University Common Curriculum (UCC)

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University Common Curriculum Overview

The University Common Curriculum emphasizes interdisciplinary thinking and collaborative processes as a central cross-university curriculum for all undergraduate students in the University of the Arts. The UCC, consisting of 4.5 credits, addresses two related content areas, Creative Practices and Collaborative Studio. In collaboration with Liberal Arts and First Year Writing, Creative Practices introduces first year students to contemporary practitioners across the disciplines. Collaborative Studio, offered as a set of course options taken in the sophomore or junior years, focuses on the collaborative creation of student-directed projects.

University Common Curriculum Requirements

All students are required to complete 4.5 credits of University Common Curriculum. Students complete UACC 101 Creative Practices during their first semester of study. The remaining 3 credits are selected by students from the list of UCC choice courses below.

University Common Curriculum Course Offerings

Required Course

UACC 101 Creative Practice 1.5 Credits

Creative Practices serves as an introduction to the broad range of contemporary professional activities in all of the disciplines available for study at UARTS. The course will emphasize the principles and ideas common to all contemporary art/design/media/performance - pointing toward the potentials inherent in the array of course listings offered in Collaborative Studio.

Choice Courses

CRFB 227 Experimental Costume and Performance 3 Credits

The garment provides a tangible yet pliable boundary between the space of self and the space of the world. In this introductory fibers studio, students learn costume construction fundamentals (hand and machine sewing, millinery, flat pattern design, etc.) and explore the garment as a vehicle for personal expression. Students are encouraged to experiment with technique, and a variety of both traditional and unconventional materials are used. Concurrent with studio work, students are introduced to the cultural, political, social, historic, and aesthetic dimensions of costume as it relates to contemporary art. The semester concludes with a collaborative performance.

MACR 304 Image and Performance 3 Credits

For artists and performers of all disciplines. An intensive cross-disciplinary workshop in which the students create their own short performance works using fusions of video, animation, dance, motion, and sound to explore the interactions between visual media and the performing arts.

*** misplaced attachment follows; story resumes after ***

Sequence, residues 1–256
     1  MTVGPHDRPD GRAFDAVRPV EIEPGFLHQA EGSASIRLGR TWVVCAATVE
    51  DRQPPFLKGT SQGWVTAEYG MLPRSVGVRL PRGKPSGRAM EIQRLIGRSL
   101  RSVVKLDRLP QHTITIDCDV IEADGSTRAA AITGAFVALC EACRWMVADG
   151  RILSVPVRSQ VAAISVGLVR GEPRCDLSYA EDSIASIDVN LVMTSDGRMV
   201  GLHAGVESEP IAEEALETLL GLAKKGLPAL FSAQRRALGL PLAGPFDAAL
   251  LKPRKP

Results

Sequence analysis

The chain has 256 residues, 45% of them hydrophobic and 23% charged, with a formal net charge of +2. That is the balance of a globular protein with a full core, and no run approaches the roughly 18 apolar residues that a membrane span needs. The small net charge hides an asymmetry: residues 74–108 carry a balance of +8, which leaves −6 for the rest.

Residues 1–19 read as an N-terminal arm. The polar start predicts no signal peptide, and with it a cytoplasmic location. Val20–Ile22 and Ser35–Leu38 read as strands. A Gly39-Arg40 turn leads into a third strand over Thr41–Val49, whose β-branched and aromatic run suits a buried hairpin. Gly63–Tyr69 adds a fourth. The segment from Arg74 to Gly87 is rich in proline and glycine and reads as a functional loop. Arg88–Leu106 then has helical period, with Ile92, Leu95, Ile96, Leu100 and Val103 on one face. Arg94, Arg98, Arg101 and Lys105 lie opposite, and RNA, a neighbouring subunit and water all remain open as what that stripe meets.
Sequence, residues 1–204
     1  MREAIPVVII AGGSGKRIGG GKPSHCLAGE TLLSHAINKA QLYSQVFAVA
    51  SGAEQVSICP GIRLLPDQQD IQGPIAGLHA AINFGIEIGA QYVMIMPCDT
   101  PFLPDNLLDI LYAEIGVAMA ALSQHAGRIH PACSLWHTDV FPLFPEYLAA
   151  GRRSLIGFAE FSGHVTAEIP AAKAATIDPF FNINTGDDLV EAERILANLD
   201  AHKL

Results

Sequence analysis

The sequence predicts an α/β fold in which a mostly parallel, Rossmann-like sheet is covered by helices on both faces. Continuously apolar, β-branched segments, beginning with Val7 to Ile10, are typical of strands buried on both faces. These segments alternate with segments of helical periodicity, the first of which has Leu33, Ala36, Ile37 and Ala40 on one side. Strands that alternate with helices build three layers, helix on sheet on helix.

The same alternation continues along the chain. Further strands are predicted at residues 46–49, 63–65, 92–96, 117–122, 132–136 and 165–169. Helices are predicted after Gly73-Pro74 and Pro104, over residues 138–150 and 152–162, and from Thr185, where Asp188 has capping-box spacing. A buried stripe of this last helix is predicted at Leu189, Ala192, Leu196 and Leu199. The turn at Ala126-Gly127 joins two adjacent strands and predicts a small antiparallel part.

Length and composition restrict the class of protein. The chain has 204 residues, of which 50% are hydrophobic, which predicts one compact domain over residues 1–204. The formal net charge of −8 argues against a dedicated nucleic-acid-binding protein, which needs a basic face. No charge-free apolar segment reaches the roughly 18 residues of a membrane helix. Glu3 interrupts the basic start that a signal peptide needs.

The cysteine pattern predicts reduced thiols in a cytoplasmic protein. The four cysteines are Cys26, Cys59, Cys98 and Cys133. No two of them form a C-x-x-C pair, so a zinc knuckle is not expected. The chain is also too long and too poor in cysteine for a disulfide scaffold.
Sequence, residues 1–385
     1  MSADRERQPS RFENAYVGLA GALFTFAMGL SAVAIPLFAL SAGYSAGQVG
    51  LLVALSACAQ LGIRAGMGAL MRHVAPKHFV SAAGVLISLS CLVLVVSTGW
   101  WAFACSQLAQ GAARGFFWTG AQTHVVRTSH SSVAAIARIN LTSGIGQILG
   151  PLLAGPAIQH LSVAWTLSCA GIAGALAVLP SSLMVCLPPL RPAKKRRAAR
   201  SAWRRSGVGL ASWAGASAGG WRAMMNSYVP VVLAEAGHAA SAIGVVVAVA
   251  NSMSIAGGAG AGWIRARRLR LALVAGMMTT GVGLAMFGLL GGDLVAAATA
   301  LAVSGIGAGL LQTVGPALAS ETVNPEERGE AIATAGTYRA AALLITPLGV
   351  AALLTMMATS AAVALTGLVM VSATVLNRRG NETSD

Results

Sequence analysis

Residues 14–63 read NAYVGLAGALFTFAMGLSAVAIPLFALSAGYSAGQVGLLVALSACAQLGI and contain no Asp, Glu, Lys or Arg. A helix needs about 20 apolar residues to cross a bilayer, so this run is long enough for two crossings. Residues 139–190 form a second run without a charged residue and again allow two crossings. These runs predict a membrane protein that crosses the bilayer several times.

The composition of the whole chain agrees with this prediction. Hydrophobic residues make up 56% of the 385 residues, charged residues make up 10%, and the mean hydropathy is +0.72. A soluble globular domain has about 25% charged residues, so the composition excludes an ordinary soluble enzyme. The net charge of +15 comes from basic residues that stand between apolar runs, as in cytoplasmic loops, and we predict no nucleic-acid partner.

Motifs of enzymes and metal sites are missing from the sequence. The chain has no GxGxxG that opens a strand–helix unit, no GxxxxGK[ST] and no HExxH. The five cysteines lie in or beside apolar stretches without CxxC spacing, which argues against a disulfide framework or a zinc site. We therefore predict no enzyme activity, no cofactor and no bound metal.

MMDI 141 Collaboration and Spontaneity 3 Credits

Through a series of exercises, class discussions, and readings, students explore what it means to work as part of a team. Students learn to develop environments in which the creative process is encouraged to unfold. The basic assumptions that affect the formation of collaborative groups, such as personal responsibility, authority relations, leadership issues, individual differences, competition, the development of norms, and the generation and uses of power, are experienced, explicated, and examined. Students work within this collaborative environment to explore the connections between spontaneous verbal and nonverbal communication.

UA 112 Interdisciplinary Collaboration 1 Credit

The focus of this course is on the PROCESS of creative collaboration rather than on the PRODUCT. Students work in their own area of specialization and may venture into other artistic disciplines as dictated by of the nature of the collaborative project they choose to create. All UArts majors are invited to participate in this student-driven course, with guest professor/artists from various disciplines.

UACC 201 Collaborative Studio 1.5 - 3 Credits

Collaborative Studio engages students in cross-disciplinary and collaborative processes, building links and connections across the disciplines. A variety of different delivery options is a preference, supporting the belief that varied courses and formats will reflect the diverse range of collaborative processes and intentions, pointing toward the potentials inherent in the array of course listings offered in Collaborative Studio.